I believe, however, that the most important developments in energy in our lifetime will involve improved energy storage. The main reason that we use fuel-based energy like gasoline is that such fuel allows us to unlock energy at will. Renewables will become truly viable only when the cost of renewable energy, plus storage of that energy, equals the cost of getting energy from traditional fuels. The following energy storage methods are both cost-effective and scalable.

Pumped hydro. While demand for energy is low at night, water is pumped uphill into reservoirs. Then, during peak demand periods, water is allowed to run back downhill through turbines, pumping the reservoirs dry and generating electricity. Pumped hydro storage is presently the only grid-scale storage method in widespread use. The primary challenge of this technique is that it’s entirely terrain-dependent—it wouldn’t work in places like Illinois, which is relatively flat. However, in equally flat Ontario, Canada, this method is achieved by using disused mine shafts that are pumped dry at night.

Compressed air energy storage (CAES). In this technique, air is compressed using off-peak energy and released to drive turbines during periods of peak energy need. Berkeley, California-based LightSail Energy and Quebec-based Sigma Energy Storage, among others, are experimenting with ways to store and reuse the heat that results from the compression cycle. Some tests have used underground formations to hold the compressed air, but automated manufacturing of tanks made from composite materials (such as carbon fiber, which allow the tanks to be strong and light) could make these systems independent of special geology.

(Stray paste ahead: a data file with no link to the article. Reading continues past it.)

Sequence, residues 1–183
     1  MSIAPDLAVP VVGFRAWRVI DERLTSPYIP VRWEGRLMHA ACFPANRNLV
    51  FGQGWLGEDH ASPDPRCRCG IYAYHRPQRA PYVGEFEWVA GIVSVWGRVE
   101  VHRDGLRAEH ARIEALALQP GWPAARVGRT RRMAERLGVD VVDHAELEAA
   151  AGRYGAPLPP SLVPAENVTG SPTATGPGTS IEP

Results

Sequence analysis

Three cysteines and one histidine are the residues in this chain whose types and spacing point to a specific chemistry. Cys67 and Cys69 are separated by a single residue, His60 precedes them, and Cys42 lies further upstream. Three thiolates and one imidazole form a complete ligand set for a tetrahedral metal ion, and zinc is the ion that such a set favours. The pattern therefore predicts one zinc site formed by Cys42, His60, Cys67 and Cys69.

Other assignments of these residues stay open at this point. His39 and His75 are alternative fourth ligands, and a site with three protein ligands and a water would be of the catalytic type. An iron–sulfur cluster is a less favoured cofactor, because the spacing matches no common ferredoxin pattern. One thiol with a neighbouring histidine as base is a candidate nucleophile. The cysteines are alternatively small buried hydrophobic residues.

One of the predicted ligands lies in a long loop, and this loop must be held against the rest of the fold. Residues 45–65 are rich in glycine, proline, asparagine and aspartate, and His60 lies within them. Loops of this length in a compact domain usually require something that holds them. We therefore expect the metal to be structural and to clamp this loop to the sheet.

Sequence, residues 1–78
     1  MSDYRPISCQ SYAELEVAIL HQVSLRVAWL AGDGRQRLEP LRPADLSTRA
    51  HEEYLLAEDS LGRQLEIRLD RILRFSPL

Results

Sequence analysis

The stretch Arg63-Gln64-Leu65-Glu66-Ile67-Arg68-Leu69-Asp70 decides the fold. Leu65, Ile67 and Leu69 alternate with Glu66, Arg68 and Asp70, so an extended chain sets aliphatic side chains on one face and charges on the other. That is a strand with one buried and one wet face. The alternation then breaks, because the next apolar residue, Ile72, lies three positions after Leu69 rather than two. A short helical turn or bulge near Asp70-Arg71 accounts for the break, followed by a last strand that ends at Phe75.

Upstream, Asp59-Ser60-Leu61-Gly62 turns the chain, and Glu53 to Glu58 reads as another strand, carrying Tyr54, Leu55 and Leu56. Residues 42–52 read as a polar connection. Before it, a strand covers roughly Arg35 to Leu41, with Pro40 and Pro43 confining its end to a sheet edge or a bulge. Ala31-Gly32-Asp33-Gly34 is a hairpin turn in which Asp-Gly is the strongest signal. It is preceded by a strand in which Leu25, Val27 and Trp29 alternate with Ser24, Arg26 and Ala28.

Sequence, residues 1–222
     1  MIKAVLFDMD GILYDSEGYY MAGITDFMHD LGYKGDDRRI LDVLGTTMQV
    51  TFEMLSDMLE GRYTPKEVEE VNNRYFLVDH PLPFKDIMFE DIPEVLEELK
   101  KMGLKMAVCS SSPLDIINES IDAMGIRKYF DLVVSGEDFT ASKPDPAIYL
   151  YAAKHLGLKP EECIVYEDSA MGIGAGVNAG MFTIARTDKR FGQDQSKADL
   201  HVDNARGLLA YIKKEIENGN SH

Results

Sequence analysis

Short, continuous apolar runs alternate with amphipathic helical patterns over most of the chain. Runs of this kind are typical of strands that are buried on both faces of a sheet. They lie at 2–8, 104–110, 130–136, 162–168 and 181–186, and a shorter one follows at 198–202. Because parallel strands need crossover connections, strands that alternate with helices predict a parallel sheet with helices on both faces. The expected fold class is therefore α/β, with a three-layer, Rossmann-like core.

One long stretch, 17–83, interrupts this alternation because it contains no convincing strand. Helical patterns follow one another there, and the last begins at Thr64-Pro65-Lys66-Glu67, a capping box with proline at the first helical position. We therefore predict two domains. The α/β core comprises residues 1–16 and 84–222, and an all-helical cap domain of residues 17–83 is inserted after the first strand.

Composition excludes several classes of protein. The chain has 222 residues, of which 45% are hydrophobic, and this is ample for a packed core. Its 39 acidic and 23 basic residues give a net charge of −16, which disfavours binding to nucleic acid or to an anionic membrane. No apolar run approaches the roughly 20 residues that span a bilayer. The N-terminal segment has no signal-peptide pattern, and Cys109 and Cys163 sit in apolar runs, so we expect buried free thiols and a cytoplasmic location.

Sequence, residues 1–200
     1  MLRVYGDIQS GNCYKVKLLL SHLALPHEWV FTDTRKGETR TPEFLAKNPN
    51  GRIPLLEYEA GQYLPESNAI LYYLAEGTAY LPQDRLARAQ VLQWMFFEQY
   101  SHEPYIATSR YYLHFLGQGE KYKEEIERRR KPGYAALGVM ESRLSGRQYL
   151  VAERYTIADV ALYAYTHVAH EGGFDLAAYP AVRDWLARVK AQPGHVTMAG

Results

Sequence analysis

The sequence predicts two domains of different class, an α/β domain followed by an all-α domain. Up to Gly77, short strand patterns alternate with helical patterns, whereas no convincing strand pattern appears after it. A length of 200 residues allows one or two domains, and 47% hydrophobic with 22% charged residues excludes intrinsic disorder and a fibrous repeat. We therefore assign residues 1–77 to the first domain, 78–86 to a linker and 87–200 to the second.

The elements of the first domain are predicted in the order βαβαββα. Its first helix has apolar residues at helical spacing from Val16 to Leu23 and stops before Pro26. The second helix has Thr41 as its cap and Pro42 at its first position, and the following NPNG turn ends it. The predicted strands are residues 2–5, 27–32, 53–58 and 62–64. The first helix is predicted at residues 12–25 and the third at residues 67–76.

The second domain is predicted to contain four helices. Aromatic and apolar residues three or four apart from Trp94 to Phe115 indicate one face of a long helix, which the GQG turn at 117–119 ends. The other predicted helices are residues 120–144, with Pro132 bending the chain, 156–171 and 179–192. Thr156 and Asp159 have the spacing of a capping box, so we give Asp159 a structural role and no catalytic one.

Thermal storage. This method heats up inexpensive materials, such as salts, in insulated tanks. The heat can come from concentrated solar energy, or from off-peak electricity such as that produced by wind farms at night. Heat is extracted during periods of high electricity demand using steam turbines or other conventional heat engines. An example: Emeryville, California-based Halotechnics develops molten salt and glass products that can store thermal energy at temperatures as high as 1,200 degrees Celsius.

We have to be able to provide energy when users require it, not when nature offers it. This essential challenge of solar energy can be overcome in two ways: energy networks and energy storage.

Liquid metal batteries. Traditional batteries, including the lithium batteries in your laptop or electric car, are still too expensive for home, microgrid (a neighborhood) or grid-scale (a whole city or region) storage. The liquid metal battery, credited to Donald Sadoway and David Bradwell of MIT, uses cheap, earth-abundant materials and doesn’t require special geological features. The two metals involved (which are currently proprietary to Ambri, the company Sadoway and Bradwell founded) have different densities that allow them to stack up and maintain their relative positions inside a vat, with the heavier metal on the bottom, molten salt as the electrolyte in the middle and the lighter metal on top. Ambri’s battery is in the prototype stage and not yet in use commercially.

Most of the popular scientific and energy news outlets are still focused on details of energy generation. However, what we really need most to boost the percentage of usable renewable energy is improvement in low-cost energy storage.


Gregg Maryniak is the chairman of the energy and environmental systems track at Singularity University, a Silicon Valley-based business education institution.